The Northampton Chronicle & Echo identified a man who died waiting for care at a hospital. Despite breaking a police embargo by naming the man, the website didn’t break press guidelines, UK press regulator the Independent Press Standards Organisation ruled.
The man’s family complained about the Chronicle‘s March 2018 online articles “Northampton General Hospital worker claims all wards are ‘under immense pressure’” and “Identity of man who died after waiting nine hours at Northampton General Hospital is revealed,” saying they were an invasion of privacy and intruded on the family’s grief. The articles reported on the man’s death after a nine-hour-wait in the emergency room, a leaked e-mail from the hospital’s medical director attributing the death to “emergency department pressures,” and the scheduled inquest (or investigation) into the circumstances of his death.
The family was upset about how detailed the article was in reporting on the man’s death, as well as the fact that the embargo was broken because it meant the family had to deal with media requests before the inquest, according to IPSO. The Chronicle admitted it erred in identifying the man, apologized privately and published a public apology in print.
“Sad death of man, 85, at NGH: an apology: In March this year, the Chronicle & Echo reported on the sad passing of an 85-year-old man at [the hospital] and a leaked email from a medical director blaming pressures on the accident and emergency department for the man’s death. Information was given to the Chronicle & Echo regarding the identity of the man in an advisory note three days ahead of the opening of the inquest. This was given on a ‘for information only, not for publication’ basis. However, the Chronicle & Echo published an online story, identifying the 85-year-old man. The Chronicle & Echo would like to sincerely apologise for the distress that the publication of this article caused to the family. “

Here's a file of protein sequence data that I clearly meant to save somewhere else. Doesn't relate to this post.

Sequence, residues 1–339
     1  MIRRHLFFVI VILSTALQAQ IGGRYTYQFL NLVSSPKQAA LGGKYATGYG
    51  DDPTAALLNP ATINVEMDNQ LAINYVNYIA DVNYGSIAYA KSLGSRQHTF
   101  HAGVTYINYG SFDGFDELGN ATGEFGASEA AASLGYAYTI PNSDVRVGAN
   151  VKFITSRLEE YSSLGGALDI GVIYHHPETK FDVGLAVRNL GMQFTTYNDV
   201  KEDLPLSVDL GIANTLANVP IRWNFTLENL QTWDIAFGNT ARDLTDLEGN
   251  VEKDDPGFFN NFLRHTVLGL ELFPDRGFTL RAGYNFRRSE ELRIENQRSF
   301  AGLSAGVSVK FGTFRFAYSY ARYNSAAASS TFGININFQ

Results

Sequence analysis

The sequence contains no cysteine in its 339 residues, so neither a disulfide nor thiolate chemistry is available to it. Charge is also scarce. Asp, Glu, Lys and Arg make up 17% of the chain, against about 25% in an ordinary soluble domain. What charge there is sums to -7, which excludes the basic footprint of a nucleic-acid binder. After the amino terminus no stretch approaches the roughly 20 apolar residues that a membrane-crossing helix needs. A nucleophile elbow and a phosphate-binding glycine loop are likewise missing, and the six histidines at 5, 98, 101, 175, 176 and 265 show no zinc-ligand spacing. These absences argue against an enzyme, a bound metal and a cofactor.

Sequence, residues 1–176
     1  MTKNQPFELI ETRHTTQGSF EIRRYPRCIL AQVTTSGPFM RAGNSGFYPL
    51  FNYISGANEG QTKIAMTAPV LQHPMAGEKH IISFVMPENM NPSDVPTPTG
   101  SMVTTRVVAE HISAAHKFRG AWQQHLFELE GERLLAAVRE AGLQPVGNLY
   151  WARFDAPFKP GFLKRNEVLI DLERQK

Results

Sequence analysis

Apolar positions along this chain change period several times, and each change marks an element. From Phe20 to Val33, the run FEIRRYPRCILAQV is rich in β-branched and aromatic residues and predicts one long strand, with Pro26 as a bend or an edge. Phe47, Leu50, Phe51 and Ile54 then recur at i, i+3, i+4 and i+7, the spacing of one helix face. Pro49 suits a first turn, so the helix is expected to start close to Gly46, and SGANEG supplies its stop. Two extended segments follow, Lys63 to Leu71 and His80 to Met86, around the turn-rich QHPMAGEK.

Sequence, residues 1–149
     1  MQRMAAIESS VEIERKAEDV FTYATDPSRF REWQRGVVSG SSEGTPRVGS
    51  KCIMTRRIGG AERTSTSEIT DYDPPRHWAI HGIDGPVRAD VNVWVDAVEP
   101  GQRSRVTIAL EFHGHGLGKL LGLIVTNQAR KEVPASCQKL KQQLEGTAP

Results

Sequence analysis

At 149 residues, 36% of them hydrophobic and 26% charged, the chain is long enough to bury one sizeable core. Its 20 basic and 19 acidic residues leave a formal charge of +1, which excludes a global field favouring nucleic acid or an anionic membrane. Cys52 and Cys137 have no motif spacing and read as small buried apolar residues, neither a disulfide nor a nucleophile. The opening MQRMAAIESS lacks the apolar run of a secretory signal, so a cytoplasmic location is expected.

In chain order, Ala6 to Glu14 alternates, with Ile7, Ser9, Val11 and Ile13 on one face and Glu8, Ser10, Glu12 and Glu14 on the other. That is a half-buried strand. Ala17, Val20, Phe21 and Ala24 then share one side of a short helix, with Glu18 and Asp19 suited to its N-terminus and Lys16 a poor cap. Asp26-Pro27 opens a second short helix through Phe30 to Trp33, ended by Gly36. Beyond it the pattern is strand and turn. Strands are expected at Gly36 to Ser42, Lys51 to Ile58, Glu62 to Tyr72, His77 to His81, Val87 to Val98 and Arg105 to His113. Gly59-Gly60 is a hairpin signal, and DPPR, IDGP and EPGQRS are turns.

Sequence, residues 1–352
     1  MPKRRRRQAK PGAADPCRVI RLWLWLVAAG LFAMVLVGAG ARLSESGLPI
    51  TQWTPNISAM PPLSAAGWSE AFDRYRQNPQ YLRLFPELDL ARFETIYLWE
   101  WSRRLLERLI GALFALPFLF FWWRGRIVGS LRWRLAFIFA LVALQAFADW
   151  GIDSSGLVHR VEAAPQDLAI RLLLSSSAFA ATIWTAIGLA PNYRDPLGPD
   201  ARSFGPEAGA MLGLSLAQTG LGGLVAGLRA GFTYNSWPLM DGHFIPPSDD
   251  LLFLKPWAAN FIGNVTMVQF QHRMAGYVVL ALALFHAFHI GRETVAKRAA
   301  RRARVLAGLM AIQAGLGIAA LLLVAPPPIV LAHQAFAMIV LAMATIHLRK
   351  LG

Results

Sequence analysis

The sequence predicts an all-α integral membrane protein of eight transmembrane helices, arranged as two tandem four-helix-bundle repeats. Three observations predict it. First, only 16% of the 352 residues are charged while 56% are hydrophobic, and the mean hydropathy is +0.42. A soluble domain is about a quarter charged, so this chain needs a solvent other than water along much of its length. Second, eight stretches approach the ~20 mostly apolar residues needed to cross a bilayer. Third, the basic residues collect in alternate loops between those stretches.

Despite the Chronicle‘s admission of breaking the embargo, IPSO ruled it wasn’t an invasion of privacy to report on the death or the hospital pressure. Further, it was OK to name the man because “deaths are a matter of public record,” and the embargo was “non-binding.” iMediaEthics has written to the editor of the Chronicle to ask how it was “non-binding” and what went wrong.
“In this case, the family of the deceased had been made aware of his death a number of days before the article was published,” IPSO said. “The name had been released by police, in the context of an upcoming inquest. The list was marked as “not for publication”. However, failing to respect a non-binding police embargo, in circumstances where the family were aware of their relative’s death, did not represent a failure to handle publication sensitively. The information about the identity of the man had been supplied by the police, and it was appropriate to attribute this information to its source. Doing so was not insensitive or intrusive.”